The first paragraph of a DSAD post I’ve read earlier today got me thinking. It refers to the fact that there are less and less advertisers on domaining blogs (I’d say domaining-related sites in general) and in my opinion, this should make all of us think about the state of domaining blogs and domaining opinion formers in 2017 and beyond.
I’ll try to share my opinion in a no-bs manner.
Here are the main problems I’ve identified:
1) Domaining “legends” have for the most part retired. Rick Schwartz is no longer blogging, Mike Berkens does blog every once in a while but considerably less than in the past and while Frank Schilling is still active, he now runs his own gTLDs as well as registrar and as such, he’s moved over to “the other side” (not the dark side mind you, just the other side, as in he’s now selling lots of stuff to domainers rather than simply giving advice as a domainer, like he did back when he ran his Seven Mile blog)
2) Domainers don’t really have the habit of supporting the websites they like. Quite the opposite, in fact. When you do something good, very few people thank you. If you screw up on the other hand, watch out! Let’s just say domainers are far more willing to tear you a new one when you’re down than support you. Now sure, they’re well within their rights to do that, such an attitude is by no means illegal but it does make people think twice before becoming bloggers. For example, I was among the select few (perhaps the only one, can’t remember) who publicly stated that mass developing small websites is *NOT* a sustainable business model and I did this back when such websites were all the rage among domainers. I’m pretty sure absolutely nobody bothered to at least send me a “thank you” email. I was also among the first bloggers to publicly, clearly and vocally stated that investing in new gTLDs is a bad idea. ONE person expressed his gratitude a couple of times on NamePros, a couple of people emailed me to say thanks and that’s it. Again, nobody is forcing anyone to do anything but if you don’t support your favorite websites (with at least a kind email every once in a while, let’s not even talk about buying that person’s products or something that involves money), less and less people will be willing to share
3) Sharing your honest opinion often involves burning bridges. By warning domainers against investing in new gTLDs, I think it’s fairly safe to say I’ve thrown five figures in potential advertising revenue down the drain. Probably low 5 figures but 5 figures nonetheless. Couple this aspect with #2 (lack of gratitude) and you can’t help but wonder if those who still share their opinions might have a screw or two loose
… and so on.
But is everything blogging-related gloomy?
Let me just say that if you want to start blogging purely for the direct ad revenue you think you’ll earn, you’re making a huge, huge, huge, HUGE mistake.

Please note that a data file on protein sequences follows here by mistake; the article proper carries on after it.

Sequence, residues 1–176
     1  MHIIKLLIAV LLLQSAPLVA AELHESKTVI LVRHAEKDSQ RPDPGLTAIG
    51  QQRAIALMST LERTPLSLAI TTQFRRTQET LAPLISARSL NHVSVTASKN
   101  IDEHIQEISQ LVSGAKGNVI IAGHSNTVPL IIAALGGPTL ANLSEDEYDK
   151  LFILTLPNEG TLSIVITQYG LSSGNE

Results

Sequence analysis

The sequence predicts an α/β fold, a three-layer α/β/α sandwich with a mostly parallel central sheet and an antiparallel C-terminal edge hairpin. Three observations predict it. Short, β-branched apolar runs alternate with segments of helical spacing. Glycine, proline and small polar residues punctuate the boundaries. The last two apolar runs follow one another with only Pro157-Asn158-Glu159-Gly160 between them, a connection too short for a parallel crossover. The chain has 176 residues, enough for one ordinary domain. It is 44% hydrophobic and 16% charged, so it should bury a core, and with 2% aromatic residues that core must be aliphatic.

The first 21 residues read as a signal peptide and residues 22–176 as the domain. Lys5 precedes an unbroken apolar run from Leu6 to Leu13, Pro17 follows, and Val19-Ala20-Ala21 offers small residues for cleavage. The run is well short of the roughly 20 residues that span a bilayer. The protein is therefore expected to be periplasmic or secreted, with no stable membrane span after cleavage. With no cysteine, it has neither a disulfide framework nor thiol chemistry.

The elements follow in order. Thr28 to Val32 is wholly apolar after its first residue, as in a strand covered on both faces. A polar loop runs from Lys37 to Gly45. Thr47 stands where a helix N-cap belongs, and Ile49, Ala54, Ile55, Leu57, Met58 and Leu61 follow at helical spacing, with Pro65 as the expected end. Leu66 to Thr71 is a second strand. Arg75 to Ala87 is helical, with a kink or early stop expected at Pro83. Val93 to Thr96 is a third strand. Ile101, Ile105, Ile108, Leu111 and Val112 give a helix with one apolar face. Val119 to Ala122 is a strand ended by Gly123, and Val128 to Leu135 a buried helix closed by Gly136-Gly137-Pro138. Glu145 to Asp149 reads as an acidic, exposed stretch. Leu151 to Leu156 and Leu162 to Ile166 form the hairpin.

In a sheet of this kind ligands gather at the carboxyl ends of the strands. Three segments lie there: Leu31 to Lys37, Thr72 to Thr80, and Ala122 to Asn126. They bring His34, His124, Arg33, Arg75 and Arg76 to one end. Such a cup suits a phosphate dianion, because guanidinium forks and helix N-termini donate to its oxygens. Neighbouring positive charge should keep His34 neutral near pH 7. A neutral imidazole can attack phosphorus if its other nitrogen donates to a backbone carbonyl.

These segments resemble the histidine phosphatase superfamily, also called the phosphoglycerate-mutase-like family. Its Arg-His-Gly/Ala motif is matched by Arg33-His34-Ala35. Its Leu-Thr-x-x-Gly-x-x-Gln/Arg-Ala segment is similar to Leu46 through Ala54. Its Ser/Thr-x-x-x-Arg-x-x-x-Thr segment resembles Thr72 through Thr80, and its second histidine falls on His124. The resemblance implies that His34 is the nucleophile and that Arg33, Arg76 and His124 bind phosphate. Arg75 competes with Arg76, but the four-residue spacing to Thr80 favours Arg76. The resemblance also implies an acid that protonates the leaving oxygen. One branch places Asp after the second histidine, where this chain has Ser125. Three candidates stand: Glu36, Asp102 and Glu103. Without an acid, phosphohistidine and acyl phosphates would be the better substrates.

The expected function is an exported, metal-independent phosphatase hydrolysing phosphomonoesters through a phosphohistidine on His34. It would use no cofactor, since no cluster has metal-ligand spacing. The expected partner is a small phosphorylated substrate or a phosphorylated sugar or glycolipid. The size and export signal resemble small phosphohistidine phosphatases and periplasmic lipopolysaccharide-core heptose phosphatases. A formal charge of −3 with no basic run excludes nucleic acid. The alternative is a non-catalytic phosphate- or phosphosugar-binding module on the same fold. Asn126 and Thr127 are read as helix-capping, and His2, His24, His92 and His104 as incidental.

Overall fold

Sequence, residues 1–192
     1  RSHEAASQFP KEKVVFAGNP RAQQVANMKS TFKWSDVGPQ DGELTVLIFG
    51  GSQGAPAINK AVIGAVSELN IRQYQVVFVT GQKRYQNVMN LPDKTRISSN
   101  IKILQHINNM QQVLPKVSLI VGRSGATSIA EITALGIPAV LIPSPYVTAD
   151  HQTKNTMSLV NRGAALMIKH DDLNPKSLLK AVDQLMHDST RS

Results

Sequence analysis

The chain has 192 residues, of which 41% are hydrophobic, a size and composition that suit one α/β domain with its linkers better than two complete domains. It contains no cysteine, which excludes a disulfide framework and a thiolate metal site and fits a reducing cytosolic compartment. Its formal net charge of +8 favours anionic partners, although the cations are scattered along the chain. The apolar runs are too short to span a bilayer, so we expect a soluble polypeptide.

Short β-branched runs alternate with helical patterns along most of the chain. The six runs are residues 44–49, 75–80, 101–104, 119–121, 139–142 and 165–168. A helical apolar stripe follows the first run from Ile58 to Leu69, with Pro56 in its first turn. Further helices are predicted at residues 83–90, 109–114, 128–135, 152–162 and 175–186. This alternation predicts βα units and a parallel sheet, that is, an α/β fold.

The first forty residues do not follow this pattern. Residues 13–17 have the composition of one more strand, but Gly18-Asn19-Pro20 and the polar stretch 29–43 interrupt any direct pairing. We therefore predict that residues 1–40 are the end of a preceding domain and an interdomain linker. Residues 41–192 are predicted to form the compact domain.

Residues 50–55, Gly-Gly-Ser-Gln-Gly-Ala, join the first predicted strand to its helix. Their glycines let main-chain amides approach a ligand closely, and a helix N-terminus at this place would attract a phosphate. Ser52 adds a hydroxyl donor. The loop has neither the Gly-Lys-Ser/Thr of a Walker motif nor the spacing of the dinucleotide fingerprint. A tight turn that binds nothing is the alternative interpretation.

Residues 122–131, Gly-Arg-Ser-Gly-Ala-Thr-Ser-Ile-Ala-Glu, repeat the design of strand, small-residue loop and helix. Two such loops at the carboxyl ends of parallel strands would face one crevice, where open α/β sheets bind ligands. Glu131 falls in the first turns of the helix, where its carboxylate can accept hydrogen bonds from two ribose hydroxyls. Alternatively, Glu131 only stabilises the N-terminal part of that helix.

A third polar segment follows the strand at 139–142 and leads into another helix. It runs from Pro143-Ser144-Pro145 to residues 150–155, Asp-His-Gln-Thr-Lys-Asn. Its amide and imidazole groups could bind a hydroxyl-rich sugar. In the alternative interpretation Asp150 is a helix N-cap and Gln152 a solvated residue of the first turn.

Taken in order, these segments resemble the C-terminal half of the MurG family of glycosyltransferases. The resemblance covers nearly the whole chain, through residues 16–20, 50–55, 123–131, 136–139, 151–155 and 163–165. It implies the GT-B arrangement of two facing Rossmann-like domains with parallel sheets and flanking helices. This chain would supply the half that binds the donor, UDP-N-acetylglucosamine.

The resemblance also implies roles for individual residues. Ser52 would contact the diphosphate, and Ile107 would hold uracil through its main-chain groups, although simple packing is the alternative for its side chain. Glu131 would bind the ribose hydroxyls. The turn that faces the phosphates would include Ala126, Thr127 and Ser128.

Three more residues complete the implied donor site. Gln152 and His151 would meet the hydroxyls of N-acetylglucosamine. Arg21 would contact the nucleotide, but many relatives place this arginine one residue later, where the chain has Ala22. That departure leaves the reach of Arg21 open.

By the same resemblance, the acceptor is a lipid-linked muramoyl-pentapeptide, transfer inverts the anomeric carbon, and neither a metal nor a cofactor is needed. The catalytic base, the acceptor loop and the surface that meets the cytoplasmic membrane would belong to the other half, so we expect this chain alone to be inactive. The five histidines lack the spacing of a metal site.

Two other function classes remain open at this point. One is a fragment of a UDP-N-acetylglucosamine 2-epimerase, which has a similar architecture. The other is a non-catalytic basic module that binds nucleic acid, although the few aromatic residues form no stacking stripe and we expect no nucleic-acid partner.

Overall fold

However, there are pros associated with blogging as well:
1) The connections you make can be worth their weight in gold. I’ve been running DomainingTips for about 8 years and met my share of genuinely amazing people, hard to put a price tag on that!
2) The ad revenue might not be something worth writing home about but still, it’s something. Two out of three advertisers have been with me for I think 6 years and the third for 3 if I recall correctly. I can’t exactly buy an island and retire with my ad revenue but it’s greater than zero, which is always a plus
3) If you sell your own product and service, it’s a lot easier to make blogging work out. In fact, I think this is pretty much imperative. I offer consulting services, broker domains every now and then and am selling a book that teaches domainers and others who make money online how to manage that money properly (a useful book that’s actually the only one of its kind). It all adds up. Again, having multiple income streams is pretty much a must if you’re serious about making blogging work from a financial perspective as well
4) If you run an established site/blog related to a certain niche, those from other niches are more likely to take you seriously. I’ve noticed this when promoting my book. Without DomainingTips, it would have most likely been considerably harder (if not impossible) to find people willing to help me spread the word about Wealth Management 2.0. Since it’s a book which teaches anyone who makes money online how to manage that money (not just domainers), I naturally reached out to people who run popular websites read by freelancers, online entrepreneurs, Internet marketers, bitcoin investors and so on. Again, getting taken seriously would be been multiple orders of magnitude harder without DomainingTips
These are my opinions about the state of domaining blogs in 2017.
Is blogging a relatively thankless endeavor? Yes.
Is it insanely lucrative? No.
Will it become insanely lucrative? No.
Can you make it work? Yes.